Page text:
The 2022 NHL Draft is just weeks away. After the San Jose Sharks cemented their position at 11th overall, all eyes were on who they planned to pick. After all, 11th overall offers plenty of high-end possibilities. However, while getting a guaranteed superstar is always a great feeling, there is something even more special about finding a player in the later rounds who exceeds all expectations.
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Tons of draft-eligible players fall through the cracks every year. Scouts can’t do much to predict player development, leading to many players being picked late and making everyone regret letting them down. With the expected depth of the 2022 draft, the Sharks have plenty of options for players they could nab with a late pick. If they’re lucky, they might find the next iteration of Joe Pavelsky.
The United States Hockey League (USHL) is often a league with a mixed bag of potential talent. Although they are considered the best junior hockey league in the United States, many of their players are selected in later rounds due to less talent compared to Canadian junior hockey leagues. However, they have plenty of players with decent talent. One such player who has yet to be drafted is Stephen Halliday.
Halliday has been a member of the Dubuque Fighting Saints in the USHL for several years, but recently reached his potential when he finished first overall in the 2018 USHL Phase 1 Draft. He had 95 points in 62 games. this season, which placed him second in the league in points. Along with his point totals, Halliday is a big body, but his speed is way above what you would expect from someone of his stature.
At some point during his draft eligibility, Halliday had to potentially make the first round. However, he ended up not only falling from the first round, but also from the repechage. As he approaches his 20s, this is his last chance for a team to secure his rights. There’s a lot of risk associated with him, but the Sharks could catch a gem that’s proven he can score. He would absolutely be worth the late-round pick if he lived up to what he’s done this year in the USHL.
Unlike the USHL, it’s hard for players to go unnoticed in the Ontario Hockey League (OHL). That said, it’s far from impossible. One player who seems to have done the trick is Windsor Spitfires forward Matt Maggio. This season, he has amassed 85 points in 66 games. However, Maggio is not expected to reach an exceptionally high level in the upcoming draft, despite being well above a points-per-game player.
Maggio is a fantastic goalscorer. Of his 85 points this season, 38 were goals. However, it’s not terribly difficult to see why he managed to drop so far down the draft standings. His point totals in the 2019-20 season were mediocre at best and he spent last season with SK Lejon in the HockeyEttan league. While his point totals were good there, the pandemic completely derailed the scouting process around the world. Now that his point totals have reversed, he will certainly catch the eye of more scouts.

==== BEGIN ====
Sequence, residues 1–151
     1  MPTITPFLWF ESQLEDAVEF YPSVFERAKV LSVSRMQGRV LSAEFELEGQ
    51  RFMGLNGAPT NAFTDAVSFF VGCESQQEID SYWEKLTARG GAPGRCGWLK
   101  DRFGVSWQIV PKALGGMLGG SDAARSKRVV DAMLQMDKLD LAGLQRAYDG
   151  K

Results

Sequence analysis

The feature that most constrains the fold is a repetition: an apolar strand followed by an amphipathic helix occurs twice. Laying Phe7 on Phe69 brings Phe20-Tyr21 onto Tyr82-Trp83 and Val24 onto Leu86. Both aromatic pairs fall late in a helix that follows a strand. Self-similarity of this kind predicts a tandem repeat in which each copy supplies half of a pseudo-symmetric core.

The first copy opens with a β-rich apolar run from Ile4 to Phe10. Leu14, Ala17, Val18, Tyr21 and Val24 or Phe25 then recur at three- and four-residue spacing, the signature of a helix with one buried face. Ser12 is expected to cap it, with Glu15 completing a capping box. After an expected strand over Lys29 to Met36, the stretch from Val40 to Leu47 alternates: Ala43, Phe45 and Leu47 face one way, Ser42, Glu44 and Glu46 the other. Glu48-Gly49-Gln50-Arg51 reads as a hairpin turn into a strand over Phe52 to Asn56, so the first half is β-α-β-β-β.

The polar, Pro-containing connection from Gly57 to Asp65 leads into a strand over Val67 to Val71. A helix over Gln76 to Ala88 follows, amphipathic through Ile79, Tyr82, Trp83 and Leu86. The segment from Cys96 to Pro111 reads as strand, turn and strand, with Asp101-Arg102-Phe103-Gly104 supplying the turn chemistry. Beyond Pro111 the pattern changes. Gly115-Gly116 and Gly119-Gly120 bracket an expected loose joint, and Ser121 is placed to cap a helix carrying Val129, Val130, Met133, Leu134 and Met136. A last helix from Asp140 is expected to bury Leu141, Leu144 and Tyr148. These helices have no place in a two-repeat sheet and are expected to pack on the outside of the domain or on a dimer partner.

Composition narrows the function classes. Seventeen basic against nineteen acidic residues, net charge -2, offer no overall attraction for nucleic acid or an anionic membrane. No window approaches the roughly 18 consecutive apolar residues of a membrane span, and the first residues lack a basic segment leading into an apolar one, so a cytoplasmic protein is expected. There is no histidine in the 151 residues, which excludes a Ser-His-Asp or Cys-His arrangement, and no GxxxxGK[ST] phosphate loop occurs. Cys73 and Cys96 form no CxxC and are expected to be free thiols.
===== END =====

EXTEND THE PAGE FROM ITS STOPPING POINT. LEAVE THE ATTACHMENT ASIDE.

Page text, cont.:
The Sharks have plenty of forwards, but it’s hard to find someone with Maggio’s goalscoring ability. They have plenty of excellent playmakers and prospects in both directions, and adding more goalscoring prospects to the core could boost the play of everyone around him. Maggio’s draft position is far from set in stone, but if he falls into the hands of the Sharks, they should shoot him.
One of the most interesting stories surrounding the Sharks’ prospects is the resurgence of goaltenders. What was once one of their weakest prospecting areas now has a few names with decent potential. However, the Sharks don’t have a guaranteed starting goalie going forward. Therefore, having a talented goalie like Daniel Hauser in this year’s draft could be another element in finding the next goalie.
Hauser has posted a .914 save percentage and 2.00 goals-against average in 40 games with the Winnipeg Ice of the Western Hockey League (WHL) this year. However, what makes his numbers stand out even more is that he has won 34 of the 38 games he has played. For the Sharks, having a goaltender who was only a few games away from a perfect season would do wonders for core goaltending. It’s unclear where Hauser will end up going in the draft, but a goalie with his skills would be great for the Sharks.
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It’s hard to predict which late picks will pay off in spades. After all, there’s a reason why players are picked so late and not in the upper rounds. However, late draft picks are always a high-risk, high-reward scenario. The Sharks could use whatever support they can get from their subsequent selections. Maybe they could find several future NHL players in this year’s draft if they’re lucky enough.
Andrew Stille is a freelance writer for THW who is currently studying journalism and communications at university. Additionally, he is a dedicated NHL content creator who seeks to grow and learn daily. Andrew is a trusted source for all things San Jose sharks and strives to create fun and exciting articles for all readers.
Other contributions include: Puck Prose and PuckEmpire.com
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